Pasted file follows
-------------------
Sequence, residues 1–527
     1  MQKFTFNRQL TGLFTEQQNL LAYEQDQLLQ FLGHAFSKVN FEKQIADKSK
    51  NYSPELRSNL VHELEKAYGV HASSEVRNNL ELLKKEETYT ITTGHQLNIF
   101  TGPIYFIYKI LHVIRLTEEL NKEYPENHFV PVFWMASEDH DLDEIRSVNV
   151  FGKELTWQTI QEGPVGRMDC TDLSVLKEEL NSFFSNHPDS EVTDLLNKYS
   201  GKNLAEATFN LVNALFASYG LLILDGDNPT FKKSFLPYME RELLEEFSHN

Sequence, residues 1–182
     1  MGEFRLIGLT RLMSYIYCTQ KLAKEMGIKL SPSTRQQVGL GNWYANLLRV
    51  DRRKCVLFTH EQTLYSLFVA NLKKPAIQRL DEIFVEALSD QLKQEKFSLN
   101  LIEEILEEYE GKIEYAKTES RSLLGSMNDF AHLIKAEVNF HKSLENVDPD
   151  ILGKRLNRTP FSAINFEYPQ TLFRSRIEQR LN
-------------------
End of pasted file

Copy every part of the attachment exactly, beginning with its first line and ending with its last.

Sequence, residues 1–527
     1  MQKFTFNRQL TGLFTEQQNL LAYEQDQLLQ FLGHAFSKVN FEKQIADKSK
    51  NYSPELRSNL VHELEKAYGV HASSEVRNNL ELLKKEETYT ITTGHQLNIF
   101  TGPIYFIYKI LHVIRLTEEL NKEYPENHFV PVFWMASEDH DLDEIRSVNV
   151  FGKELTWQTI QEGPVGRMDC TDLSVLKEEL NSFFSNHPDS EVTDLLNKYS
   201  GKNLAEATFN LVNALFASYG LLILDGDNPT FKKSFLPYME RELLEEFSHN

Sequence, residues 1–182
     1  MGEFRLIGLT RLMSYIYCTQ KLAKEMGIKL SPSTRQQVGL GNWYANLLRV
    51  DRRKCVLFTH EQTLYSLFVA NLKKPAIQRL DEIFVEALSD QLKQEKFSLN
   101  LIEEILEEYE GKIEYAKTES RSLLGSMNDF AHLIKAEVNF HKSLENVDPD
   151  ILGKRLNRTP FSAINFEYPQ TLFRSRIEQR LN